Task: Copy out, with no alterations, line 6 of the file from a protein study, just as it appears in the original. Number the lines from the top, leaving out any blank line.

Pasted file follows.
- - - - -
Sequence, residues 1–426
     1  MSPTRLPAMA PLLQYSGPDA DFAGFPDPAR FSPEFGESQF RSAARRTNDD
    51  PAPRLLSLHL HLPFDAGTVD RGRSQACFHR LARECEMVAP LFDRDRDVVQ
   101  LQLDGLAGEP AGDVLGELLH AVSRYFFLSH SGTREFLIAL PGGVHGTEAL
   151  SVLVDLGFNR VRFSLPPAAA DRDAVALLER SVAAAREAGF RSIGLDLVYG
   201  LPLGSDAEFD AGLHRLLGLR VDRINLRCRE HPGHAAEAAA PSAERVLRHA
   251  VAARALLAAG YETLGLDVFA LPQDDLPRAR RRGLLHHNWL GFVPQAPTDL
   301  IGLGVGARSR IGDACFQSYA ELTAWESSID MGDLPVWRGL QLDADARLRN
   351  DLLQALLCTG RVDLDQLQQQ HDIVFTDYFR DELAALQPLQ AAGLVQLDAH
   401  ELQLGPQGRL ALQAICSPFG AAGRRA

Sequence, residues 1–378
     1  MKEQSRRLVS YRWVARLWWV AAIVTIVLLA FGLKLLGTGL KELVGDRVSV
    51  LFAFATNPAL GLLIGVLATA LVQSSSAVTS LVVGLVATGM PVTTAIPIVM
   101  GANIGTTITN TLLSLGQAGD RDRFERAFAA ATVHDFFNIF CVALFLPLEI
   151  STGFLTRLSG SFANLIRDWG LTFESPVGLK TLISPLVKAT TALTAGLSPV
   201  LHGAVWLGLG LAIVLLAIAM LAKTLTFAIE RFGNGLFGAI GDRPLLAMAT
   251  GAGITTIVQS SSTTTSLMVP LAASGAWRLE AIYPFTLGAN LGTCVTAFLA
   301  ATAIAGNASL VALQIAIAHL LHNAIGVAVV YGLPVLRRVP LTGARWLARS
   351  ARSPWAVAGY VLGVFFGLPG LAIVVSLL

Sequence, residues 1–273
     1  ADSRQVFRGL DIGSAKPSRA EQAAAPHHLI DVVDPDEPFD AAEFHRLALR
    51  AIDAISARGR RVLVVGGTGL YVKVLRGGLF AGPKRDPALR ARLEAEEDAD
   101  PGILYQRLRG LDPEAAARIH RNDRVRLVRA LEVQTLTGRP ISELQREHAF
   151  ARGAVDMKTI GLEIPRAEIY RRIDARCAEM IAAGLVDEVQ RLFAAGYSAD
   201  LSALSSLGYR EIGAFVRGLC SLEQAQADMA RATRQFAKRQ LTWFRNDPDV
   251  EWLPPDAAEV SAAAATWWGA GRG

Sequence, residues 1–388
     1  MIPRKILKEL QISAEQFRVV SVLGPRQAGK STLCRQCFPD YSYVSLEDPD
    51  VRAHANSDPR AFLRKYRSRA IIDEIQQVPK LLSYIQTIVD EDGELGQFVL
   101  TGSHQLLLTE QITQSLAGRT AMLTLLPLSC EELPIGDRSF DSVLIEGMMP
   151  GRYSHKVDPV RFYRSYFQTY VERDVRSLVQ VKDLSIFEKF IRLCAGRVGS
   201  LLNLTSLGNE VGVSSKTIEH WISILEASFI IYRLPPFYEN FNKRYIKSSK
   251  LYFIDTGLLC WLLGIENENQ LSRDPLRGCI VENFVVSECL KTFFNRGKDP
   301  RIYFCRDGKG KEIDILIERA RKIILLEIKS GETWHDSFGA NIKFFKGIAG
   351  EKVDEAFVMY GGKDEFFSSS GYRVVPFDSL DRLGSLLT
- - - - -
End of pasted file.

   201  LPLGSDAEFD AGLHRLLGLR VDRINLRCRE HPGHAAEAAA PSAERVLRHA